By ANDREW NELSON, Staff Writer | Published September 22, 2016
ATLANTA—Faced with political mudslinging, online venom, and racial unrest in this country, an interfaith crowd of Jewish and Catholic faithful wrestled with how to heal divisions.
In a room of more than 200 people, the ministry of Pope Francis was offered as a guidepost. Speakers quoted his vision of a “culture of encounter” and respect for people with different points of view.
“Dialogue is born from an attitude of respect for the other person, from a conviction the other person has something good to say. It assumes there is room in the heart for another person’s point of view,” Rabbi Peter S. Berg said, paraphrasing the pope.
In his welcoming remarks, Archbishop Wilton D. Gregory said tolerance goes beyond enduring differences. “Reverence is a great spiritual value and it really is at the heart of tolerance, that we reverence the other as the other.”
The American Jewish Committee Atlanta and the Archdiocese of Atlanta co-hosted the evening titled “Repairing the World: Our Responsibility for Tolerance” on Thursday, Sept. 8, at The Temple, the oldest Jewish congregation in Atlanta.
The evening drawing together Jews and Catholics was built on the foundation laid more than 50 years ago by church leaders at Vatican Council II. The Catholic Church document “Nostra Aetate” reset the relationship between the church and other world religions, particularly with the Jewish community.
It is one year since the golden anniversary of the document, which brought together members of both faith communities in north and central Georgia for prayer events by individual parishes and synagogues and an evening of interfaith music, art and drama.
This interfaith program was planned for the one-year anniversary to continue the local contact between the two faiths.
In these fractious times, in the midst of a presidential political season and when news at times appears on social media faster than it can be absorbed, a conversation about tolerance focused on the goal of listening more than talking.
At the event, two Emory University scholars addressed the question of tolerance. Speakers for the evening were Professor Marie Friedmann Marquardt, scholar-in-residence at Emory University’s Candler School of Theology, and Professor Paul Wolpe, a bioethicist and director of Emory University’s Center for Ethics.
Pope Francis has said people live in “soap bubbles which, however lovely, are insubstantial and offer fleeting and empty illusions which result in indifference to others,” Marquardt said.
People claim it is tolerance, but this indifference creates space between people to avoid responsibility, she noted.
In contrast, Marquardt said, “robust tolerance” sees hospitality—translated in the New Testament from the Greek word for love of strangers—as fulfilling God’s command.
“Hospitality is radical. It is one of the most difficult and rewarding things that we as humans can undertake. When we open our homes, our places of worship, our communities to those who are different, when we invite the stranger to sit at our table and share our meal with us, we tell them our story and we listen carefully to theirs,” she said. “It is impossible when we do this for things to remain embedded in a culture of indifference.”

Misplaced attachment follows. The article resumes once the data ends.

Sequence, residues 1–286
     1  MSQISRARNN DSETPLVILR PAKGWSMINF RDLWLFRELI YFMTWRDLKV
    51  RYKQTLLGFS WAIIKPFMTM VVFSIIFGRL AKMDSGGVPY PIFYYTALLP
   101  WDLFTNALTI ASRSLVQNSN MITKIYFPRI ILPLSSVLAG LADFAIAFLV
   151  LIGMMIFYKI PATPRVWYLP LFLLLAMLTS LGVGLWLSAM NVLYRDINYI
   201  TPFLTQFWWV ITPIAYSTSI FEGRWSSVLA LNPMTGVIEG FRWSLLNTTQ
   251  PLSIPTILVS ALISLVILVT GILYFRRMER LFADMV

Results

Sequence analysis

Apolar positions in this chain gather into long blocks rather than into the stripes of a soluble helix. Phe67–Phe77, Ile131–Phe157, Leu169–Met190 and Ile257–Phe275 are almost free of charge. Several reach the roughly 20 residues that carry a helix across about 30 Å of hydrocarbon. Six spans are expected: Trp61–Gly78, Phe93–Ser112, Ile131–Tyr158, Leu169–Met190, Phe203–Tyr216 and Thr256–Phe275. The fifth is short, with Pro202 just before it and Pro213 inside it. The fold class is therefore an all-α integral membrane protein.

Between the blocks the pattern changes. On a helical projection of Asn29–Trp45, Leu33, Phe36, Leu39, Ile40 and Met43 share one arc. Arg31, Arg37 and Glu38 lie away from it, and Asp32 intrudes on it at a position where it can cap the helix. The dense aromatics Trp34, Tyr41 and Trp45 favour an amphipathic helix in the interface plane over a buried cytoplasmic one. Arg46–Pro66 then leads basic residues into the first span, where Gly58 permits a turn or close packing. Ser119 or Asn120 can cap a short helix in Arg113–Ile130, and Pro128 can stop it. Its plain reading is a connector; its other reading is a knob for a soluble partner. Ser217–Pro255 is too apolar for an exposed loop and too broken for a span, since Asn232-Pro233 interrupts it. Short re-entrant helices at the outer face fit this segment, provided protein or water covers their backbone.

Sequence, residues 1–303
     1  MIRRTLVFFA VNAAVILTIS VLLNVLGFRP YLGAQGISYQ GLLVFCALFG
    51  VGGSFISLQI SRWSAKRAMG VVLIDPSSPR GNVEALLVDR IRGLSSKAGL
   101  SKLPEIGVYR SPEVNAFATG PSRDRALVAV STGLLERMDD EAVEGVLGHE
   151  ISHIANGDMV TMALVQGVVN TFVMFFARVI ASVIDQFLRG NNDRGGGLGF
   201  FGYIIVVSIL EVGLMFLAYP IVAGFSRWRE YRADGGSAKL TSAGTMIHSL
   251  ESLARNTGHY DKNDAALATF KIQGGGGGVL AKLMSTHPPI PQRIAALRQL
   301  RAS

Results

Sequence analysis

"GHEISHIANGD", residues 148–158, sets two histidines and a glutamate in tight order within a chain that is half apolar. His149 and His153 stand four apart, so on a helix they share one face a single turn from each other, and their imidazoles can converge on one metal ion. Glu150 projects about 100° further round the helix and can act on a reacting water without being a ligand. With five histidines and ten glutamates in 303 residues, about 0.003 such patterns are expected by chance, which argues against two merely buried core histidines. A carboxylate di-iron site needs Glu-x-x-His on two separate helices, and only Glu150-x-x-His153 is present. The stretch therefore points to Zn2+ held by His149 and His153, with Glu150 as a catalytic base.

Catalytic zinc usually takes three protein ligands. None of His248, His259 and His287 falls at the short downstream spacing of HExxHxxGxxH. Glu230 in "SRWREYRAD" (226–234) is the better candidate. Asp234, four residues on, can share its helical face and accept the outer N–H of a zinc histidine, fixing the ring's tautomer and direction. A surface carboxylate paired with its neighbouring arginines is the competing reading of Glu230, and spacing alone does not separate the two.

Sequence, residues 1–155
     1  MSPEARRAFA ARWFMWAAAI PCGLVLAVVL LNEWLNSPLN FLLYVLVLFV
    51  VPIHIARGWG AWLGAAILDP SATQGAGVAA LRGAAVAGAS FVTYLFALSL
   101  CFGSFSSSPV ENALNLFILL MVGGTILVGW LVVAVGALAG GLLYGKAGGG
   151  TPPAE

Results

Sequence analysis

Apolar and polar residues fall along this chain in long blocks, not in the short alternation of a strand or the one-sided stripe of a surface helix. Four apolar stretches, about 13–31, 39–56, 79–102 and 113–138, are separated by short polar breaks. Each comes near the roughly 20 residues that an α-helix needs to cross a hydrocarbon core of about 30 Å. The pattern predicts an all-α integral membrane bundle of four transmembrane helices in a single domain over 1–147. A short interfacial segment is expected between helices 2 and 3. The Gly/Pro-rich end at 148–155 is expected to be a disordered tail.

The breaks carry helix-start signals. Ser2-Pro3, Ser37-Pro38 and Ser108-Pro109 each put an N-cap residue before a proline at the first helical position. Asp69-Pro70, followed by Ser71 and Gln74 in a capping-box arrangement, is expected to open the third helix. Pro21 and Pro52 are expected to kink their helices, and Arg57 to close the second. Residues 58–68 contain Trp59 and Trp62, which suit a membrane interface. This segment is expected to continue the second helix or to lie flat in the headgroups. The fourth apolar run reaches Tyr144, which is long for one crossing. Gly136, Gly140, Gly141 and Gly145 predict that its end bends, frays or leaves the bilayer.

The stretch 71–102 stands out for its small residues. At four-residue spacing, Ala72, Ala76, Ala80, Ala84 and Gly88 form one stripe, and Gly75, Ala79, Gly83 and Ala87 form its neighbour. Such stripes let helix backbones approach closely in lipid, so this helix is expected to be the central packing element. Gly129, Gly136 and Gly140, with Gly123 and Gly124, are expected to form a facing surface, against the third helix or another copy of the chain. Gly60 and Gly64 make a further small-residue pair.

A member of St. Thomas More Church, Decatur, Marquardt was one of the founders of El Refugio, a free house of hospitality in south Georgia established so families visiting their relatives being held in the Fort Stewart immigration detention center could have a place to rest, eat and stay overnight.
Wolpe said people of faith can contribute to tough but necessary dialogue by setting the tone of conversation that makes it civil.
The conversations and politics in this country are being driven by fear, he said.
“You can hear it in their voice, you can see it in the exclamation points,” he said.
He told a story of when an author of a contentious play spoke with his students. The subject matter was charged, so organizers were prepared for the worst. But the playwright respected opposing views and was soft-spoken, and as a result he made the discussion fruitful and revealing, Wolpe said.
“It’s only when we show compassion for another person’s point of view that we change the nature of that interaction,” he said.
On social media, Wolpe said, conversations deteriorate to the level of road rage. That is a part of the culture where users need to be taught respect and rules of engagement, he said, because it is where a lot of strife is revealed.
“There are no controls to social media. Really, listening is a lost art: 140 characters aren’t built to really listen. It isn’t that easy to cut through noise,” Wolpe said.
Later, the audience was split into small interfaith groups where Jews and Catholics shared their stories and discussed how to model tolerance in families and communities, teach children tolerance and speak up against intolerance.
Karen Colbert, of Temple Emanu-El, Dunwoody, said these conversations “help people to walk together along the same path.”
Angela Nieuwstadt, a parishioner of St. Lawrence Church, Lawrenceville, said the event reinforced her commitment to stand up for justice, a view shared by Marquardt. She said the discussion was uplifting in its message of compassion and hearing other’s stories. All the conversations came down to the golden rule—treat others as you’d like to be treated, she said. “Show compassion and understanding that God wants us to share.”